While state and local road crews are being highly praised for their work during last week's massive snow storm, officials with the Michigan Department of Transportation say that effort has taxed an already-stressed maintenence budget, and it could limit work this spring and summer.

MDOT spokesman Jeff Cranson says the state maintenance budget has averaged about $88 million a year for the past five years.

With the added demand from last weeks storm, it will now require a re-evaluation and probably limited work for non-winter maintenance later on, such as mowing, pothole patching and badly-needed upgrades to equipment like road vehicles including snow plows.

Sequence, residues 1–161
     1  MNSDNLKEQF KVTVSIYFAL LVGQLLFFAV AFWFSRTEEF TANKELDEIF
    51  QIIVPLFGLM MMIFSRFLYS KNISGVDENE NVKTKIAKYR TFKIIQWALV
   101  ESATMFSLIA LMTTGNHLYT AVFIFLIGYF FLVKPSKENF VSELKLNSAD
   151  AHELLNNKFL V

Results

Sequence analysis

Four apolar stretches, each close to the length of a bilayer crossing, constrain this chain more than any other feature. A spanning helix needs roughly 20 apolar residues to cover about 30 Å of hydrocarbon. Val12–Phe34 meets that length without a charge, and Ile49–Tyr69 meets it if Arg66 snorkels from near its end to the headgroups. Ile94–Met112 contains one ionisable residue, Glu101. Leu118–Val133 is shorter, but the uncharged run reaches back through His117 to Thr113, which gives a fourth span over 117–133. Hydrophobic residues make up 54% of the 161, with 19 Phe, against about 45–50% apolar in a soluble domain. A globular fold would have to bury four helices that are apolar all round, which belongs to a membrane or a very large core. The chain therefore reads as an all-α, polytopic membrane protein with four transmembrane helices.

Cranson says MDOT continues to face "tremendous resource challenges" and officials are "running on borrowed time" with some equipment.

He blames a gas tax that hasn't been adjusted for inflation and people driving more fuel-efficient vehicles for not bringing in the needed revenue.

All state highways are maintained continuously during a storm, and all of the roughly 300 MDOT snowplows and 900 county and municipal winter maintenance vehicles that are available are on the road.

MDOT's annual maintenance budget starts in October, with winter maintenance being the top priority, because of health and safety concerns.